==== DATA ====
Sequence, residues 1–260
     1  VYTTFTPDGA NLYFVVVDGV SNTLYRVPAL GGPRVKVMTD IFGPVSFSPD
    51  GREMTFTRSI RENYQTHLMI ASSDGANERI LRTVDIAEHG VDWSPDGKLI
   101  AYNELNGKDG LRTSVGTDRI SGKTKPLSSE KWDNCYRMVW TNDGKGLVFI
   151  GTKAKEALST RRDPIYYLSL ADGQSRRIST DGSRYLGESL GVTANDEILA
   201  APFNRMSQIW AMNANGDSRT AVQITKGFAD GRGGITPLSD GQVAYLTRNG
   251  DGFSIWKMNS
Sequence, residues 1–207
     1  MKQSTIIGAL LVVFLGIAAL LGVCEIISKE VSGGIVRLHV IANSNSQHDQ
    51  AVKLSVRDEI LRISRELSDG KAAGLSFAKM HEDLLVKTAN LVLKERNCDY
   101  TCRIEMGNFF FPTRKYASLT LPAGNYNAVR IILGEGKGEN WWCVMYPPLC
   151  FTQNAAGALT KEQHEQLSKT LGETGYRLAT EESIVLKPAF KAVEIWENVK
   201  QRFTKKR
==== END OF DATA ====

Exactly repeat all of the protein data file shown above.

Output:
Sequence, residues 1–260
     1  VYTTFTPDGA NLYFVVVDGV SNTLYRVPAL GGPRVKVMTD IFGPVSFSPD
    51  GREMTFTRSI RENYQTHLMI ASSDGANERI LRTVDIAEHG VDWSPDGKLI
   101  AYNELNGKDG LRTSVGTDRI SGKTKPLSSE KWDNCYRMVW TNDGKGLVFI
   151  GTKAKEALST RRDPIYYLSL ADGQSRRIST DGSRYLGESL GVTANDEILA
   201  APFNRMSQIW AMNANGDSRT AVQITKGFAD GRGGITPLSD GQVAYLTRNG
   251  DGFSIWKMNS
Sequence, residues 1–207
     1  MKQSTIIGAL LVVFLGIAAL LGVCEIISKE VSGGIVRLHV IANSNSQHDQ
    51  AVKLSVRDEI LRISRELSDG KAAGLSFAKM HEDLLVKTAN LVLKERNCDY
   101  TCRIEMGNFF FPTRKYASLT LPAGNYNAVR IILGEGKGEN WWCVMYPPLC
   151  FTQNAAGALT KEQHEQLSKT LGETGYRLAT EESIVLKPAF KAVEIWENVK
   201  QRFTKKR